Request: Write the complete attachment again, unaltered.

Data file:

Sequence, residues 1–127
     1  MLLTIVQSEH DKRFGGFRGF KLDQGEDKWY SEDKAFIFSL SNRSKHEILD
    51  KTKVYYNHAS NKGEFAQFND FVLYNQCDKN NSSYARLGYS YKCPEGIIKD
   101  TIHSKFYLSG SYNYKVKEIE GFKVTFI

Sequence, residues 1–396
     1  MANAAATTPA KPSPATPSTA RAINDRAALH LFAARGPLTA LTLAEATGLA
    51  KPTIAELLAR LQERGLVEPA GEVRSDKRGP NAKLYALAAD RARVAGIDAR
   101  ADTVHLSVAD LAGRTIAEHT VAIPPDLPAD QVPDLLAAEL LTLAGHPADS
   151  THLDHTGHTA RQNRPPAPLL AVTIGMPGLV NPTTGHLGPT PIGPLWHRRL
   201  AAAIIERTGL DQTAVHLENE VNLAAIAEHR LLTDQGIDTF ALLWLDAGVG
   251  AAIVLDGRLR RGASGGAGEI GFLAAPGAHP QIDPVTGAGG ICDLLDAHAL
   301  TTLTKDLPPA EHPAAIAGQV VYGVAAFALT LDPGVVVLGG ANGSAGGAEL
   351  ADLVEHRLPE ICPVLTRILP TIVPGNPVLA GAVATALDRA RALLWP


Sequence, residues 1–127
     1  MLLTIVQSEH DKRFGGFRGF KLDQGEDKWY SEDKAFIFSL SNRSKHEILD
    51  KTKVYYNHAS NKGEFAQFND FVLYNQCDKN NSSYARLGYS YKCPEGIIKD
   101  TIHSKFYLSG SYNYKVKEIE GFKVTFI

Sequence, residues 1–396
     1  MANAAATTPA KPSPATPSTA RAINDRAALH LFAARGPLTA LTLAEATGLA
    51  KPTIAELLAR LQERGLVEPA GEVRSDKRGP NAKLYALAAD RARVAGIDAR
   101  ADTVHLSVAD LAGRTIAEHT VAIPPDLPAD QVPDLLAAEL LTLAGHPADS
   151  THLDHTGHTA RQNRPPAPLL AVTIGMPGLV NPTTGHLGPT PIGPLWHRRL
   201  AAAIIERTGL DQTAVHLENE VNLAAIAEHR LLTDQGIDTF ALLWLDAGVG
   251  AAIVLDGRLR RGASGGAGEI GFLAAPGAHP QIDPVTGAGG ICDLLDAHAL
   301  TTLTKDLPPA EHPAAIAGQV VYGVAAFALT LDPGVVVLGG ANGSAGGAEL
   351  ADLVEHRLPE ICPVLTRILP TIVPGNPVLA GAVATALDRA RALLWP